Kodiak-based district sees challenger to caucus-switching Republican

Rep. Louise Stutes, R-Kodiak, speaks at a House majority press availability in April, on the left. Rich Walker, on the right, is challenging her for the Republican nomination for the Alaska House district that includes Kodiak, Cordova and Yakutat. (Stutes photo by Skip Gray/360 North, Walker photo courtesy of Rich Walker)

The Alaska primary on Tuesday could help determine who sets the agenda for the next Legislature. Most of the contested primaries are among Republicans.

One of the races that could have an impact across Alaska is in a district that includes Kodiak, Cordova and Yakutat.

When Louise Stutes entered the Legislature in 2014, she joined a House majority of mostly fellow Republicans. She said she believes in Republican values and has been a member of the party for 42 years. But she said the caucus didn’t make progress on a long-term plan for the state’s budget. She said the caucus wasn’t willing to compromise.

“And the partisanship, it was just unbelievable,” Stutes said. “And what did we get done? Zero. We got nothing done.”

She said that’s why she joined a new majority with two other Republicans, two independents and 17 Democrats. She noted that the Legislature then passed a bill to draw money from Alaska Permanent Fund earnings that closed most of the gap between what the state spends and what it brings in.

Stutes’ caucus switch — and her votes — draw criticism from her primary challenger, Rich Walker.

“You know, that was pretty bad as far I look at it — and so do a lot of other people,” he said. “If you look at her record, there’s a lot of things that she voted for that I totally don’t agree with, which is cutting the permanent fund, and taxes.”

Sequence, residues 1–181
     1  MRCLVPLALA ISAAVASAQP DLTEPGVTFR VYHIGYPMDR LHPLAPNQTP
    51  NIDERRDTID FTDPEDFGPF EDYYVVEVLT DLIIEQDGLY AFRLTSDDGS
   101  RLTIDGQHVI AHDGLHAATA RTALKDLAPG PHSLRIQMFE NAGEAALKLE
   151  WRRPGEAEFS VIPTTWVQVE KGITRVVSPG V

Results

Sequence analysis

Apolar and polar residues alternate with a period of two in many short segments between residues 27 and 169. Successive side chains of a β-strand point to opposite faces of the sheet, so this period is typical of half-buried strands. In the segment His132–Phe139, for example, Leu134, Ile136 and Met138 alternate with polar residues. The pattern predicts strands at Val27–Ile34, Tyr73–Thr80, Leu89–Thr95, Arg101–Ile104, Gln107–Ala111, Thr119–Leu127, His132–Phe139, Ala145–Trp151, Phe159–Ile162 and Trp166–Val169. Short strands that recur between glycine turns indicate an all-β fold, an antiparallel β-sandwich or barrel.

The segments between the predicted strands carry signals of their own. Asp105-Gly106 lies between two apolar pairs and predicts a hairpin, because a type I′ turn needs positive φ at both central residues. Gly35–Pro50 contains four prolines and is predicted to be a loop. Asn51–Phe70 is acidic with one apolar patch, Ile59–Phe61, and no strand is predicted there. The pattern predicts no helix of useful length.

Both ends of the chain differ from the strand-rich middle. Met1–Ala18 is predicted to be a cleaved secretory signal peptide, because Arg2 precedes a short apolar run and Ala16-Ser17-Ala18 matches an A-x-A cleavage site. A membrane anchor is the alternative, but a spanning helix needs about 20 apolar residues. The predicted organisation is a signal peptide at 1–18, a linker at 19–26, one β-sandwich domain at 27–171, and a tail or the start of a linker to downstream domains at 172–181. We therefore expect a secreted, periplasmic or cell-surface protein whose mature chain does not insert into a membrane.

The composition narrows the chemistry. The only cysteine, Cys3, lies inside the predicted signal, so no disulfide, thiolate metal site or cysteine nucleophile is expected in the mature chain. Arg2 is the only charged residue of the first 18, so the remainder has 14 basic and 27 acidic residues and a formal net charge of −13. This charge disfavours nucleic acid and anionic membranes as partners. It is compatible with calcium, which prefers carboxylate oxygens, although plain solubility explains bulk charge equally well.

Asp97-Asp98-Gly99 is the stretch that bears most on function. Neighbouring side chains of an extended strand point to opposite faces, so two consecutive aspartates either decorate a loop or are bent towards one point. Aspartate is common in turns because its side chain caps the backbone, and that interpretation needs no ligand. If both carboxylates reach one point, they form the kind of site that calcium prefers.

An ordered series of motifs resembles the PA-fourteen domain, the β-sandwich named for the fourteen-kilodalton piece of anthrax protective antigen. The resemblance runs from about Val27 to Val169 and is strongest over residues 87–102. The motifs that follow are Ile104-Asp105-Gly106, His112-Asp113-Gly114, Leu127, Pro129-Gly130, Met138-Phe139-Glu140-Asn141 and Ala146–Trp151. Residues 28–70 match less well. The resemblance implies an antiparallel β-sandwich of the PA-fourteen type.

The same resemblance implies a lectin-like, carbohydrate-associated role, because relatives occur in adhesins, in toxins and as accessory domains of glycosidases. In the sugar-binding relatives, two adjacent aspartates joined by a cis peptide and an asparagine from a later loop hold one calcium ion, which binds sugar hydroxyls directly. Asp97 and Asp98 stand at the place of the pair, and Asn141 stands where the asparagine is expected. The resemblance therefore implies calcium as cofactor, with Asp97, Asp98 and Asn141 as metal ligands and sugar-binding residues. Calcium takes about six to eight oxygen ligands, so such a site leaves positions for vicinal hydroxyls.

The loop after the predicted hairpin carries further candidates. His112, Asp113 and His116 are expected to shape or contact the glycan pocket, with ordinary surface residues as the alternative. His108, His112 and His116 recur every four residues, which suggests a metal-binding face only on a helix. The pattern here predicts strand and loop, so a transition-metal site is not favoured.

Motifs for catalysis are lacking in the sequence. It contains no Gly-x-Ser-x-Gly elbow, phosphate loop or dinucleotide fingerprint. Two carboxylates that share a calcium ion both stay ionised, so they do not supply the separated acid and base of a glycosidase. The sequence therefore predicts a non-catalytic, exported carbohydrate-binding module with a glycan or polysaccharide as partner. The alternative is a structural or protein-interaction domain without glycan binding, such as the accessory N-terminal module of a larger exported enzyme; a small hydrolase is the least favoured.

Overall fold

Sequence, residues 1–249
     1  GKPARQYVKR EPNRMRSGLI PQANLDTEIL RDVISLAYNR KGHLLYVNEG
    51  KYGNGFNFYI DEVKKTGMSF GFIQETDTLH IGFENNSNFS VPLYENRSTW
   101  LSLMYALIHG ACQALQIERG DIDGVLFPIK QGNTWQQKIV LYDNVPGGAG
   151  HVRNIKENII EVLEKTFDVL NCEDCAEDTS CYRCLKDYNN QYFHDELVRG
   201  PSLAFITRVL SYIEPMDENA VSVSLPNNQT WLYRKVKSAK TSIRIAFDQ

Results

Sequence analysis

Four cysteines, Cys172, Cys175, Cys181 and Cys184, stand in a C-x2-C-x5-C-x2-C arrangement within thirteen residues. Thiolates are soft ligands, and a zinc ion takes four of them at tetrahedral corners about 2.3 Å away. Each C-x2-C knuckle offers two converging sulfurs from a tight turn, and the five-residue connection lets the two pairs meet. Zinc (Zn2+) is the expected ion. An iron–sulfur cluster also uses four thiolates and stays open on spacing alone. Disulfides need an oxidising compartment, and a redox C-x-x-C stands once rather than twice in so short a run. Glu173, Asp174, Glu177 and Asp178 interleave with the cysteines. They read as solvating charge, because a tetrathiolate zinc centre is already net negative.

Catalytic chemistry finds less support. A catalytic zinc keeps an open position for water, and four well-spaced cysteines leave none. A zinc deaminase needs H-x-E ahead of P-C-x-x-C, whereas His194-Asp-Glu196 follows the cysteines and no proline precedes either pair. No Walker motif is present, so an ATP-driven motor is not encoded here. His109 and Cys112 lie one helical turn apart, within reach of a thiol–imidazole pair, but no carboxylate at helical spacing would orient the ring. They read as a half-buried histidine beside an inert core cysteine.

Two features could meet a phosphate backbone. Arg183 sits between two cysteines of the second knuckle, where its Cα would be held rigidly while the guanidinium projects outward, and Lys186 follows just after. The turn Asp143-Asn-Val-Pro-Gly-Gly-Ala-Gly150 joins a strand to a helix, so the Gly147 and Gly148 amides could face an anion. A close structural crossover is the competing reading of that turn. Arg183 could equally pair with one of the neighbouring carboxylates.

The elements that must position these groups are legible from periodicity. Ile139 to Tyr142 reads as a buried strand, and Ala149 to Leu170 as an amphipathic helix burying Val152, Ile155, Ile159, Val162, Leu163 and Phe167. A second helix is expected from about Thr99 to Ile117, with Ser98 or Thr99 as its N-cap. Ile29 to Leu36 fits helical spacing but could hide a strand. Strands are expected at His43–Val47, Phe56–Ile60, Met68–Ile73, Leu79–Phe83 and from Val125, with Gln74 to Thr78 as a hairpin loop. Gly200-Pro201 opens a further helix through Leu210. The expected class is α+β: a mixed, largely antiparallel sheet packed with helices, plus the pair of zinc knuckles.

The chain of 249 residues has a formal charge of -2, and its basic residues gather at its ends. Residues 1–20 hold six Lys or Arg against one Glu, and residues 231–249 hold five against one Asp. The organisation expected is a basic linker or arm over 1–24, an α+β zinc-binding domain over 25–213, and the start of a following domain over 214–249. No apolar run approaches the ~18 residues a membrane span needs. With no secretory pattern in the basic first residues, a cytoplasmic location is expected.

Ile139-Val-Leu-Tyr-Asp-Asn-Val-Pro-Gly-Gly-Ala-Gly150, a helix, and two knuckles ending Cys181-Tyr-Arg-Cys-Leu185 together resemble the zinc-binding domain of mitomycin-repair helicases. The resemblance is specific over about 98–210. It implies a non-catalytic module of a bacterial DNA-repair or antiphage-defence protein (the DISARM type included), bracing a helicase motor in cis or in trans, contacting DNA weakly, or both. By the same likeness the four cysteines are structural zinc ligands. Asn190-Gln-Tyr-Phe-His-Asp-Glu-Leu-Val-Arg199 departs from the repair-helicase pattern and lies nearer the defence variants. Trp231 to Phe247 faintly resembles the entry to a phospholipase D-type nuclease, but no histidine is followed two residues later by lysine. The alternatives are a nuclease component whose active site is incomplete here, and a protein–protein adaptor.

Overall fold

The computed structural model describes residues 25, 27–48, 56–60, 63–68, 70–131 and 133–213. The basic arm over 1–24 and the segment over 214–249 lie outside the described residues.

Walker said he hopes he’s part of a broader change in the Legislature.

“I think we need a fresh new start down there and hopefully we’ll get a bunch of us down there this year to Juneau and work together,” he said.

Walker supports restoring permanent fund dividends to the full amount under the formula used before cuts in the last three budgets. He said that any gap in funding state government shouldn’t come out of the pockets of middle- and lower-income Alaskans.

Stutes said full dividends would force the state to either draw down savings that would eliminate PFDs in the long run, or require deep cuts to government.

“What that tells me is, ‘Goodbye, Alaska Marine Highway System. Goodbye, airport maintenance, which means fewer flights in and out. Goodbye, snow removal in the winter. Goodbye, public safety,’” she said.

The sources for campaign contributions for the two candidates reflects a broader trend in the state. Rich Walker has received support from the Alaska Republican Party. Labor unions are among Stutes’ campaign donors.

Another Republican who switched caucuses, Anchorage Rep. Gabrielle LeDoux, also is facing a challenger, Aaron Weaver.

The third House member who was a Republican who switched caucuses is Paul Seaton of Homer. He’s running as a registered nonpartisan in the Democratic primary.

Andrew Kitchenman

State Government Reporter, Alaska Public Media & KTOO

State government plays an outsized role in the life of Alaskans. As the state continues to go through the painful process of deciding what its priorities are, I bring Alaskans to the scene of a government in transition.

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